I have a bone to pick with the latest University of Manchester team to reach the final of what must surely be the toughest quiz show on television.
Three members of the quartet – Adam Barr, David Brice and Richard Gilbert – are regulars at my local pub quiz, held at the delightful Fuel in Withington. As if the trio alone could not trounce the competition week after week, the additional presence of a Mastermind semi-finalist and former University Challenge team member, Rachael Nieman, ensures that the team clear up on a frighteningly consistent basis. The result: just two wins in two years for my assembled ragbag of mere mortals, despite our valiant efforts.
But when I meet my nemeses – minus the fourth team member, postgraduate student Debbie Brown – over coffee ahead of Monday night’s University Challenge final, it is their overwhelming enthusiasm for quizzing, rather than a clinical determination to win at all costs, that shines through. “We don’t really go along to pub quizzes to win. We go because we like quizzing,” Adam tells me matter-of-factly.
Indeed, David Brice traces his fascination with University Challenge back to his childhood. “I remember how excited I used to get when I was young and I would get a single question right, if I’d been doing the Tudors or something in school,” he recalls.
For the vast majority of the student population, of course, providing the correct answer to one question over the course of the thirty minutes remains a triumph. Yet we continue to tune in in our droves. The stuffy, Bamber Gascoigne-fronted ode to bookishness which ran for a quarter of a century until 1987 gave way, upon the programme’s return seven years later, to a glossy half hour of quiz kitsch, with the inimitable Jeremy Paxman given star billing.
Excellent though they have been, the University of Manchester’s current team is no exception given the institution’s stunning recent history in the competition. Tonight’s final will be the fifth to feature Manchester in eight years, with the team seeking to defend last year’s title.
This year’s quartet narrowly beat Lincoln College, Oxford in the first round before overcoming a second Oxford college, Magdalen, in round two. They then saw off Imperial College, London in the first of their quarter-final matches before suffering a setback to lose to University College, London. The team eventually made it through to the semi-finals with a comprehensive victory over St George’s College, London before waltzing into the final by beating Bangor University.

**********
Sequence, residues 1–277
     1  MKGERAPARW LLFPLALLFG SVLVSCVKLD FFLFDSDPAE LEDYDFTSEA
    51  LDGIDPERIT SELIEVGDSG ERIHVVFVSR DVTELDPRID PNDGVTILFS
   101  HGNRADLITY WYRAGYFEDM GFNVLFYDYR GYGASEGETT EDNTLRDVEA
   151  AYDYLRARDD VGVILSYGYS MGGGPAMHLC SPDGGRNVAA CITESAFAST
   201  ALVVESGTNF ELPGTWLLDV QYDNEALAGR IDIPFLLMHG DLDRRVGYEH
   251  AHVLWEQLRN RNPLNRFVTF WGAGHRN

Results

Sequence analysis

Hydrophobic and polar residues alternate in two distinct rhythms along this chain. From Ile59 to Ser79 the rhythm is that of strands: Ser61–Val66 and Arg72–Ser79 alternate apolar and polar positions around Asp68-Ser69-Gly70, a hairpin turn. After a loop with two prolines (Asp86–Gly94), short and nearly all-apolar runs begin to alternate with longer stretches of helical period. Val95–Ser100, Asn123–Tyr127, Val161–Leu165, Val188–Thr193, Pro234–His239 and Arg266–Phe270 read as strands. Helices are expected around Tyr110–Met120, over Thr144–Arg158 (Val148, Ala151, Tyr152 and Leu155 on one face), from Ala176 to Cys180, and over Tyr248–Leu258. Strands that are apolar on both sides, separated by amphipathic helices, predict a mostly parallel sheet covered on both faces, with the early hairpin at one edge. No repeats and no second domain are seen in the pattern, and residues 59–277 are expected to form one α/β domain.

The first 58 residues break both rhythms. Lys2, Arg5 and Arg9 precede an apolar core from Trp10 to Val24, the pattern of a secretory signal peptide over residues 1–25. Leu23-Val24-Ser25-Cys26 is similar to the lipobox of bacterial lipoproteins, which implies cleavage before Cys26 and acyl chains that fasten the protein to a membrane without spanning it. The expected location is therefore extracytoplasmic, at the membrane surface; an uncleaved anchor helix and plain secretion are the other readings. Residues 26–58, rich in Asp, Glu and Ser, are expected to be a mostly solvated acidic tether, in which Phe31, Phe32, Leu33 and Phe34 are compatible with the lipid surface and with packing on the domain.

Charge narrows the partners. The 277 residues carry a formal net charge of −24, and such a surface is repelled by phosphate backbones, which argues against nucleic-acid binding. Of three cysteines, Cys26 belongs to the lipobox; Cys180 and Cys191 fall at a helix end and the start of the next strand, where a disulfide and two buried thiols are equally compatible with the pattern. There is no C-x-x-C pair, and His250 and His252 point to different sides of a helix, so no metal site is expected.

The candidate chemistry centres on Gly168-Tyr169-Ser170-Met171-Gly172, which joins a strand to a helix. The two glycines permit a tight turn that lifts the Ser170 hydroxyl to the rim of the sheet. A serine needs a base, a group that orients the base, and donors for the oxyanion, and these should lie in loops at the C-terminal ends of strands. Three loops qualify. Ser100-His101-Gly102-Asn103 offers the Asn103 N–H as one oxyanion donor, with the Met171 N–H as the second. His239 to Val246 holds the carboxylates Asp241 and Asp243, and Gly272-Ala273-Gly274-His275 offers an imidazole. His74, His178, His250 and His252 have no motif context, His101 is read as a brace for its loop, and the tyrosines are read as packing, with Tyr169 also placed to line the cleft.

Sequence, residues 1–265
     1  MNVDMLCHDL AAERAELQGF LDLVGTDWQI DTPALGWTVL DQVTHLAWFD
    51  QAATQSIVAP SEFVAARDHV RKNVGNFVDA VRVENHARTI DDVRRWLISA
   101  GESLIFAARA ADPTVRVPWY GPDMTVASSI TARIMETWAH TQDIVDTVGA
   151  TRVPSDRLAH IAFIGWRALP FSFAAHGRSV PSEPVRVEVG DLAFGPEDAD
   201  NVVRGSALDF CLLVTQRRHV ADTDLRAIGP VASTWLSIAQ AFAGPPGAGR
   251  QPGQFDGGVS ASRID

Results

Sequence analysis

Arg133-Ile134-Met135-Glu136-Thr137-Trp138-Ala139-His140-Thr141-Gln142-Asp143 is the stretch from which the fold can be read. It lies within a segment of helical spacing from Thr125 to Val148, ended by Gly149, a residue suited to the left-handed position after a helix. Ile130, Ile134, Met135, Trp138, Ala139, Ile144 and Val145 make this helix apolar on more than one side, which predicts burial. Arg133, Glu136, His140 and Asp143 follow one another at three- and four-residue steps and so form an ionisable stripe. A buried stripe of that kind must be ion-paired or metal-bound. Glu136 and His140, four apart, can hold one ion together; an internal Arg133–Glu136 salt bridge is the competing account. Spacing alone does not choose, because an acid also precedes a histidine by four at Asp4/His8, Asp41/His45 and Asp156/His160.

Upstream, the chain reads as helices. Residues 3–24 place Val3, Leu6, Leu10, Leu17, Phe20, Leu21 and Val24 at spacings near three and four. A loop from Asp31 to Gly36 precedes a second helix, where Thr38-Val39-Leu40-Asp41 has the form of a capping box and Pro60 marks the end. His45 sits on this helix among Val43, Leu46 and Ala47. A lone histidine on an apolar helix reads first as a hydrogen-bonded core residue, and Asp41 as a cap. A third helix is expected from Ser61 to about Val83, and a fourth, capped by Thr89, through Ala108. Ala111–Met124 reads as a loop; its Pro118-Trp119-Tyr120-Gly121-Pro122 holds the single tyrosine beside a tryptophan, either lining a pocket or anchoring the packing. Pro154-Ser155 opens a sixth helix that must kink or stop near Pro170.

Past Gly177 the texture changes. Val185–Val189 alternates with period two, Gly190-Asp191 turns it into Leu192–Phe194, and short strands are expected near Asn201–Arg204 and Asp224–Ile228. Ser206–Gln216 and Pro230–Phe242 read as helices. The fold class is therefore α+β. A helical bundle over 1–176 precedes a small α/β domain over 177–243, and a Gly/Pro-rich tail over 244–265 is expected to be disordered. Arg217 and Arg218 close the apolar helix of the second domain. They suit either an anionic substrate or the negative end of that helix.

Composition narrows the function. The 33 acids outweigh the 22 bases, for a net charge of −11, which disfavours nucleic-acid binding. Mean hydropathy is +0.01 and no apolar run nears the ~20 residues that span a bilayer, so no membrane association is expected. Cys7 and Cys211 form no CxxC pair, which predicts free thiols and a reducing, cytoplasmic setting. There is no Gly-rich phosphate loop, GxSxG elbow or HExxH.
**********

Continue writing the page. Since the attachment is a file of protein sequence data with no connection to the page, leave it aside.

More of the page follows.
But it could so easily have been so different. The road to the final has been anything but smooth, with an unlikely comeback required to pip Lincoln College, Oxford by just five points in their first round match. Indeed, the Manchester quartet spent the first ten minutes of their debut appearance clawing their way back to zero points. “We planned the whole thing,” Richard says, tongue firmly in cheek, before David clarifies: “It didn’t just look like we would lose, it looked like we might get the lowest ever score!”
Manchester’s ongoing success has generated significant media coverage over the past week, with some suggesting that the team’s ‘training’ requires North Korean-style discipline. Not so, says team captain Richard Gilbert.
“These stories about us ‘training’ have kind of got the wrong end of the stick. Basically, we all like quizzes. Stephen [Pearson, team coach] knows we like quizzes, so he says ‘do you want to come round on a Wednesday night to have a bit of a quiz?’ Yes please, because we like quizzes! That’ll be cool – let’s do that then go to the pub. It’s not like, three hardcore sessions a week of training.”
Perhaps understandably, then, the team are keen to refute the suggestion that they take the competition too seriously. “For us it was more of a social thing,” David explains. “There were teams there with huge textbooks and piles of paper – one team with a huge textbook which said ‘KANT’, and over lunch they were just there trying to speed learn Kant’s entire life work.”
Nonetheless, the team meet once a week to practice, fingers on buzzers, in the style of the show. Their success has been masterminded by University of Manchester librarian Stephen Pearson, a one-time University Challenge contestant himself who has been dubbed ‘the Alex Ferguson of the quiz world’. Since taking his team to the semi-finals as captain in 1997, Pearson has assumed responsibility for coaching Manchester’s budding quiz starlets. Over the years he professionalised the application process and compiled almost 10,000 questions in an effort to prepare each team as far as possible.